July 24, 1912|
|Died: August 19, 1969
|Batted: Right||Threw: Right|
|April 23, 1939 for the Washington Senators|
|Last MLB appearance|
|July 26, 1949 for the Chicago White Sox|
|Career highlights and awards|
Alejandro Eloy Carrasquel Aparicio [car-ras-KAEL] (July 24, 1912 – August 19, 1969), was a Venezuelan professional baseball player. He played in Major League Baseball as a pitcher for the Washington Senators and the Chicago White Sox. Carrasquel became the first Venezuelan to play in Major League Baseball when he joined the Senators in 1939.
Born in Caracas, Carrasquel had a fine fastball, which he complemented with an effective knuckleball and a decent curve. He started his major league career with the Washington Senators in the American League on April 23, 1939. In his major league debut as a reliever against the New York Yankees, Carrasquel retired the side in order, striking out Joe DiMaggio, retiring Lou Gehrig on a ground ball, and Bill Dickey on a pop fly.
Although World War II was officially over and baseball's finest players were back in their familiar ranks, tranquility no longer had a place in the majors. The new Mexican League, headed by millionaire Jorge Pasquel, had lured a cluster of bigleaguers. On January 2, 1946, the Chicago White Sox bought Carrasquel's contract from the Senators. He rejected the deal and fled to play in Mexico, signing a three-year contract – the first shot in the cross-border disputes that would dominate baseball even more than the return of the war veterans. There were several other players who fled to Mexico, including outfielder Danny Gardella, pitchers Sal Maglie and Max Lanier and catcher Mickey Owen. Baseball Commissioner Happy Chandler sought a lifetime suspension for them, but his penalty was later reduced.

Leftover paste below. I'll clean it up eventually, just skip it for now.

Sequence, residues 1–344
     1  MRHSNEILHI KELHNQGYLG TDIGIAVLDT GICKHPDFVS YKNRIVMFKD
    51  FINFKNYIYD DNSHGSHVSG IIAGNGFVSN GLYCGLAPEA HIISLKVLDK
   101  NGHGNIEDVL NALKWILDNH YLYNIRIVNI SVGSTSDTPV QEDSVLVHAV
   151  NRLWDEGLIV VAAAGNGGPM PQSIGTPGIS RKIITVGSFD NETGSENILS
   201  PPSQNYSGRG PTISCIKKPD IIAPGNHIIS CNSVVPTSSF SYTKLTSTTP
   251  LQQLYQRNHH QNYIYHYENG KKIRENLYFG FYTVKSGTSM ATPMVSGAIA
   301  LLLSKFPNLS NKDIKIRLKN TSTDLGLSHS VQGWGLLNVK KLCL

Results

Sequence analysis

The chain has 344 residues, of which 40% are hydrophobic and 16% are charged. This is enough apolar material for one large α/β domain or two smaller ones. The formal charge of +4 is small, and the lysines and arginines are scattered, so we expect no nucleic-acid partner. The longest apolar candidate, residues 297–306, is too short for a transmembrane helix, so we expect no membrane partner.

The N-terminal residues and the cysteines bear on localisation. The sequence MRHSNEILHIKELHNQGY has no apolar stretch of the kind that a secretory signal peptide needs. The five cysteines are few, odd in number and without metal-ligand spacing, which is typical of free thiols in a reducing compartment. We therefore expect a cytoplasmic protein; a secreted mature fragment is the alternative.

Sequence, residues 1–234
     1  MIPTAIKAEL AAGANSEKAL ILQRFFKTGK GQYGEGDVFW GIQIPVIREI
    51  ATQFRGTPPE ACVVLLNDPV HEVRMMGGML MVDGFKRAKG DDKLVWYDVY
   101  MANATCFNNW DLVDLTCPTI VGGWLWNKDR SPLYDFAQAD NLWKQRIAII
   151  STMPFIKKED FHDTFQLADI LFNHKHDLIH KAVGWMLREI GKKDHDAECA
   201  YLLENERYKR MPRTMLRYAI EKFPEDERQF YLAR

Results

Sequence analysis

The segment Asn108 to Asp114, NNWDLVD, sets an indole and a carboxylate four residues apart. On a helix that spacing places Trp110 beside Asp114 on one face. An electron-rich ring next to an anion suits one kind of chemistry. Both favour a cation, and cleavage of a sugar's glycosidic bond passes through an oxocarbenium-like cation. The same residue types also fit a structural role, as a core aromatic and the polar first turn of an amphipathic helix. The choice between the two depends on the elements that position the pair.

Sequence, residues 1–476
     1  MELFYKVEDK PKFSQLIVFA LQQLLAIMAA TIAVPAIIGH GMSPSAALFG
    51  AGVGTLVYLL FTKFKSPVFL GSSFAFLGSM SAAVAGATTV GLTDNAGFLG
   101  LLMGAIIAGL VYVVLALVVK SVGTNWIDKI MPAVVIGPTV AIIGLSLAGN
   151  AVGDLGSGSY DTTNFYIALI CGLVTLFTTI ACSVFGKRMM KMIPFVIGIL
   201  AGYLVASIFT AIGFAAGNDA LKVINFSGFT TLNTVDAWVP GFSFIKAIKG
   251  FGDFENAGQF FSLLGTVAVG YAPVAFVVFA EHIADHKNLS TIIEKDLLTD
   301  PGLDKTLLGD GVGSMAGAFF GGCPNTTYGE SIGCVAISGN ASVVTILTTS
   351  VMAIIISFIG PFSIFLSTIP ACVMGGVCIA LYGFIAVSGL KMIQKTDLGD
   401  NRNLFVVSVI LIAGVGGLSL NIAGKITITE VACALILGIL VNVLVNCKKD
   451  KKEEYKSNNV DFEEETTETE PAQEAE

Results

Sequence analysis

In 1949, Carrasquel returned to the majors with three appearances for the White Sox before being farmed out. When Chicago acquired his nephew Chico Carrasquel in that season, GM Frank Lane swapped Alex for reliever Witto Aloma, who acted strictly as an interpreter for the young Venezuelan shortstop.
In an eight-season major league career, Carrasquel posted a 50–39 record with 252 strikeouts, a 3.73 ERA, 30 complete games, four shutouts, 16 saves, and 861 innings pitched in 258 games (64 as a starter).
Carrasquel was married to Virginia Johnson. They had two sons, Thomas and William. He died in Caracas, Venezuela at age 57. In his native country, Carrasquel was affectionately nicknamed "Patón" (Bigfoot) due to his shoe size (14).
- Career statistics and player information from Baseball-Reference
- Baseball Library
- Bison's History: The 1950s
- Baseball Library - Mexican League article
- Venezuelan Professional Baseball League statistics